One concern from employers, as in previous G-to-G arrangement is the involvement of unnecessary third party service providers. There were allegations of fraudulent and irregularities by private recruiters in both the countries.
There is no need for me to comment on statements saying our youth refusing to do dirty, dangerous and demeaning (or difficult) jobs. By the way, this neologism is of Japanese origin (3K – Kitanai, kiken, kitsui). The MTUC has given a valid response. What I am worried is our leaders making sweeping statements without checking facts and looking at issues holistically.
As for the planners, please be reminded by the statement from the Malaysian Employers Federation that the current number of foreign workers has exceeded what was targeted under the 11th Malaysia Plan.
Meantime, this decision will surely have some effects in reshaping social patterns.
Please don’t throw caution to the wind and forget all responsibilities or commitments or a storm will be brewing.
Case No. 5
At page 6 - Malaysia needs to cut the number of casualties in traffic accidents by half as it goes down the road to becoming a developed nation by 2020.
My question is, are we still talking about developed nation status by 2020 or only a high-income nation? If it is the former, how much have we achieved or fulfill as per the aspirations in the Way Forward (Vision 2020) paper?
Are we chasing rainbow here?
Case No. 6
Also at page 6 - Higher fines won’t reduce road accidents, says MIROS
This is a reponse to a proposal to raise the maximum fine for traffic offences as part of initiatives to reduce accident rate. Thank God we have a sensible minister who will further study the situation in the Cabinet Committee to further reduce accidents.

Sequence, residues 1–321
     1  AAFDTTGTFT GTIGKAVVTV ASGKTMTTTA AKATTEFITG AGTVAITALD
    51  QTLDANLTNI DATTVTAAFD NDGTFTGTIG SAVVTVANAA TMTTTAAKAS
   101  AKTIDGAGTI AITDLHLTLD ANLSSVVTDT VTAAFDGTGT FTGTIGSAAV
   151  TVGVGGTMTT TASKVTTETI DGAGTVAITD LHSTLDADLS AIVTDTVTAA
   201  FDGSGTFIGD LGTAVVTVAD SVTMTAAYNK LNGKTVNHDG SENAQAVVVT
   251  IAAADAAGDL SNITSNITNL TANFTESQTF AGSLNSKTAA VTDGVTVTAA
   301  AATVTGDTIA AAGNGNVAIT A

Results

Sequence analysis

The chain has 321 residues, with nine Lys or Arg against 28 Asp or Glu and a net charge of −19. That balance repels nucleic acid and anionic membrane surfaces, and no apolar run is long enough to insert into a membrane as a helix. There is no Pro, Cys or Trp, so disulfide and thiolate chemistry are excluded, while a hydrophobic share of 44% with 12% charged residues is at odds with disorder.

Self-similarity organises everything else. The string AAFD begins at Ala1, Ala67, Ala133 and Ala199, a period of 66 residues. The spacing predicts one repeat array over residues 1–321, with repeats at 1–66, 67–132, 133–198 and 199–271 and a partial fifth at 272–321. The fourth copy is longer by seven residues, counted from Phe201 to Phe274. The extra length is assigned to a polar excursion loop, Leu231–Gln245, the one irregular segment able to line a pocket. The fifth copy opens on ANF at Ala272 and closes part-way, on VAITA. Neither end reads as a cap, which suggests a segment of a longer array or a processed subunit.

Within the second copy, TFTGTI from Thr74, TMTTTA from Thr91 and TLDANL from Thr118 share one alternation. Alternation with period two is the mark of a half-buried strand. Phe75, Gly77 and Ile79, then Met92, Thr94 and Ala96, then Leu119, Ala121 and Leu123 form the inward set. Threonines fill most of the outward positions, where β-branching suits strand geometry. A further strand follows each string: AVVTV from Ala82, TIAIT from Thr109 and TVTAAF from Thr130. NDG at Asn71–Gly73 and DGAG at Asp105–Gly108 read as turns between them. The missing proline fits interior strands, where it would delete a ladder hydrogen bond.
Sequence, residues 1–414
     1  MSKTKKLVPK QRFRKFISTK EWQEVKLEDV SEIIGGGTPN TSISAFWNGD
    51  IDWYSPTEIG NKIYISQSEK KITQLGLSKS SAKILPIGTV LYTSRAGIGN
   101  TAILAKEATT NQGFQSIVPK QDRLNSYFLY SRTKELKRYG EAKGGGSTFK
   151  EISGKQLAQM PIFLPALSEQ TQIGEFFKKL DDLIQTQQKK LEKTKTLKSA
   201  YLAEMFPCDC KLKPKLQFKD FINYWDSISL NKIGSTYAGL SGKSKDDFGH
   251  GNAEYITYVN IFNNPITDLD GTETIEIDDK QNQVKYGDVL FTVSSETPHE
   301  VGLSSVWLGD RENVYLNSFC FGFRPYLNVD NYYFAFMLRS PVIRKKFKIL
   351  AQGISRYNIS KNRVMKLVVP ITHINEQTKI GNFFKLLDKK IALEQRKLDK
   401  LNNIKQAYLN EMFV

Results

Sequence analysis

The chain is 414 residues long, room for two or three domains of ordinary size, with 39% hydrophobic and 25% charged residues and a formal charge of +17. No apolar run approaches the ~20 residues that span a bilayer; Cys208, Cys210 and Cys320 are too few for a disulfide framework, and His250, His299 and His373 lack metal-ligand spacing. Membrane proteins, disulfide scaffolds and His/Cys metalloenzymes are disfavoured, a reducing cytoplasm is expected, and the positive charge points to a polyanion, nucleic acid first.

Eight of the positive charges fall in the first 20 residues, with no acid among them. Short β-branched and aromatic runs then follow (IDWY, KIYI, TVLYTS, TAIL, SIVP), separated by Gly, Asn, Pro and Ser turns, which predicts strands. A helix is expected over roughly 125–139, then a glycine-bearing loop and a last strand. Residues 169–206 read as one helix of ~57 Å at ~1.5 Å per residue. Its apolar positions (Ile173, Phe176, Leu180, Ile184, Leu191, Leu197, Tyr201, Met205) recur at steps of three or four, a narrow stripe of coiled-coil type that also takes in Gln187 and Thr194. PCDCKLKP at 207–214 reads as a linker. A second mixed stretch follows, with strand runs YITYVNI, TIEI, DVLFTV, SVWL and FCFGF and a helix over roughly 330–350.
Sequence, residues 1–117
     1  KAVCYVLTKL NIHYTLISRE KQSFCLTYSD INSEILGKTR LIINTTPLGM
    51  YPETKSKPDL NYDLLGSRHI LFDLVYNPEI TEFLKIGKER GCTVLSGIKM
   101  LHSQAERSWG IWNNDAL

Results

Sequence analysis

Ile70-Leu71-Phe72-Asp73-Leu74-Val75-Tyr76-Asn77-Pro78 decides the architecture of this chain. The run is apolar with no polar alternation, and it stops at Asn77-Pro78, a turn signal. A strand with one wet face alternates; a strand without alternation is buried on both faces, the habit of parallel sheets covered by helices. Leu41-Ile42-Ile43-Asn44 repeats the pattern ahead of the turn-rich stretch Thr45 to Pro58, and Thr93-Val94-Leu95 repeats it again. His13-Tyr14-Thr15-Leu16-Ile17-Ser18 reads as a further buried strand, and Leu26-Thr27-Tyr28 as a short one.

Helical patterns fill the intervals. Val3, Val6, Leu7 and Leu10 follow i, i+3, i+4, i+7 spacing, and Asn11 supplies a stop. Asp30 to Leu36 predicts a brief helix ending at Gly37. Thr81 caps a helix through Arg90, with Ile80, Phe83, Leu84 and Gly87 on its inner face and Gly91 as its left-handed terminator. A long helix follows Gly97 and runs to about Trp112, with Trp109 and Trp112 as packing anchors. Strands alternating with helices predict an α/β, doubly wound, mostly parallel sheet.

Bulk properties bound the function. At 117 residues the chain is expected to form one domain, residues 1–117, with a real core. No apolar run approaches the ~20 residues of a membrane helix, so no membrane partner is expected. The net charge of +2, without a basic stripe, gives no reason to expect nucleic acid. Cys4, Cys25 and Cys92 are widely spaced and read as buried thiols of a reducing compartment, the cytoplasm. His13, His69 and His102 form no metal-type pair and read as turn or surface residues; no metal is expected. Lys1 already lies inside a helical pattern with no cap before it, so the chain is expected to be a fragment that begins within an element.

What I like is the statement from MIROS stating that Malaysia may have good traffic laws but the enforcement is poor and needs to be strengthened. Isn’t this statement familiar?
I guess there is a ray of hope here.
Case No. 7
At page 8 - A minister said, English proficiency among Malaysian students is at a “high level” and soaring.
Just a few months earlier, Universiti Malaya lecturer Assoc Prof Dr Sharmini Patricia Gabriel said ‘Lecturers found they could not teach at the level they used to. We find that we are not able to teach students critically and creatively like we used to as their command of English is limited. I have been lecturing since 1990 and I definitely see students coming in with lower proficiency.’
So whose words would you take?
I will be on cloud nine and extremely happy if what the minister say is true.
I can carry on but it is wise to stop here.
The above cases are not storm in a teacup. I think we are snowed under, having so much to do that we are having trouble doing it all. Well, every cloud has a silver lining and I pray that something positive will come out of all these cloudy situations.
Don't worry about me, I'm as right as rain while drafting this article.